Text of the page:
2006 iTest Problems/Problem 10

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Problem 10

Find the number of elements in the first $64$ rows of Pascal's Triangle that are divisible by $4$.

$\mathrm{(A)}\,256\quad\mathrm{(B)}\,496\quad\mathrm{(C)}\,512\quad\mathrm{(D)}\,640\quad\mathrm{(E)}\,796 \\ \quad\mathrm{(F)}\,946\quad\mathrm{(G)}\,1024\quad\mathrm{(H)}\,1134\quad\mathrm{(I)}\,1256\quad\mathrm{(J)}\,\text{none of the above}$

Solution

The pattern for $64$ rows of Pascal's Triangle with the multiples of $4$ colored red is here: http://www.catsindrag.co.uk/pascal/?r=64&m=4 There are five different figures in this triangle.

$1.$ The black triangles with $3$ red dots in them. There are $27$ of these.

$2.$ The three small red triangles with a dot in the middle separated by black in between. There are $9$ of these.

$3.$ The three red dots with a red triangle in the middle separated by black in between. There are $6$ of these.

$4.$ The medium red triangles. There are $10$ of these.

$5.$ The large red triangles. There are $3$ of these.

For the first figure, there are $3$ multiples of $4$ represented by the three red dots.

For the second figure, notice the first one of those is on the $8$th row, meaning there are $9$ total numbers in that row. Then subtract the $3$ black numbers to get $6$ multiples, but that's for both of those lines, so each one is $3$ numbers long. The number of red numbers in the row of the triangle below that one is $2$ numbers long and the last row has $1$ number. Each one of those triangles therefore has $3+2+1=6$ numbers. In each copy of this figure, there are three of these triangles and a single dot adding to $19$ numbers.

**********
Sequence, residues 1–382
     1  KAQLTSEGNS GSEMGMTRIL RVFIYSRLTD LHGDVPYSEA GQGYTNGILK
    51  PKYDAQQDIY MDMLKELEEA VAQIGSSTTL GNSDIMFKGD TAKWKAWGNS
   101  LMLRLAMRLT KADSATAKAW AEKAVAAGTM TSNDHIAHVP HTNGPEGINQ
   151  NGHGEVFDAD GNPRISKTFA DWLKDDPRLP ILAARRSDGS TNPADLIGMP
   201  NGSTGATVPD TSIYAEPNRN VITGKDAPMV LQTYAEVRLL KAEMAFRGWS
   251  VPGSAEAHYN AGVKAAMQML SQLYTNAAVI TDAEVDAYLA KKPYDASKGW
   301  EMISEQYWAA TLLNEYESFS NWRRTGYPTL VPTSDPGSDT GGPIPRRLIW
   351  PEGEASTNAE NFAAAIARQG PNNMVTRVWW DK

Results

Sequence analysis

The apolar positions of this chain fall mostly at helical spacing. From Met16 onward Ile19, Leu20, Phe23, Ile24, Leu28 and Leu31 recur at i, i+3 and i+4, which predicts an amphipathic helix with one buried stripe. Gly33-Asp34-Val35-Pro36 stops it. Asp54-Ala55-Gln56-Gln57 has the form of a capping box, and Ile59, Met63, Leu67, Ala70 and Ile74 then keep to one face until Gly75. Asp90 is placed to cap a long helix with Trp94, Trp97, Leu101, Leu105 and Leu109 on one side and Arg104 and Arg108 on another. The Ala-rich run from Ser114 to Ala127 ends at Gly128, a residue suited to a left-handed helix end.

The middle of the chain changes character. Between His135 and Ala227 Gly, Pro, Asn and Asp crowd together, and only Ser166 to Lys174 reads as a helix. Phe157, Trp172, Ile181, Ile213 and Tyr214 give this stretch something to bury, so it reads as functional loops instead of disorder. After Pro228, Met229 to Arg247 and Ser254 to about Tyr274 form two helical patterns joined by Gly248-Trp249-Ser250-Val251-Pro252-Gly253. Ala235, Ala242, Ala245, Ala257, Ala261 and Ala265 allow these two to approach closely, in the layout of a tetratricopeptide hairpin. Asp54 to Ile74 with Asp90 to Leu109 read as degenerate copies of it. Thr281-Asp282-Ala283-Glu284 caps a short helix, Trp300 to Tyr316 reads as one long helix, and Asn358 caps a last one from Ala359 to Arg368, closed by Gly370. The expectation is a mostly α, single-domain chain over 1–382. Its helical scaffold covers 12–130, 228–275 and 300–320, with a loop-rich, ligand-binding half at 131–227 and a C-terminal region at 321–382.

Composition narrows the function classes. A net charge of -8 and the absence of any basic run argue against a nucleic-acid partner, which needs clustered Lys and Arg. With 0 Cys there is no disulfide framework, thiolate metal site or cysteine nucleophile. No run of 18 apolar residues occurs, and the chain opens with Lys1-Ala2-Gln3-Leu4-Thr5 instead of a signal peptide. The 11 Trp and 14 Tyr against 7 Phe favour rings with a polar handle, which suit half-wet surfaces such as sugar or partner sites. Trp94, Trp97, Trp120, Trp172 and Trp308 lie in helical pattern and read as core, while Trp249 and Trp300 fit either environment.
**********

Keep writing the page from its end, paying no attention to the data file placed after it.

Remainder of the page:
For the third figure, there is one of the smaller triangles from the previous figure and three dots adding to $9$ numbers.

For the fourth figure, notice the first one of these triangles is on the $16$th row so there are 17 numbers in that row. Subtract three for $14$ numbers in total for the tops of those two triangles and $7$ for one of them. Once again, that means one triangle has $7$ on the first row, $6$ on the second, until $1$ on the last row. This adds to a total of $7+6+5+4+3+2+1=\frac{(7)(8)}{2}=28$ Since each of these figures are only one triangle, there are $28$ numbers.

For the fifth figure, we use the same logic to find that each large triangle has $15+14+...+1=120$ numbers

Therefore, the total number of red numbers, or multiples of four, are: $(3)(27)+(19)(9)+(9)(6)+(28)(10)+(120)(3)=946$

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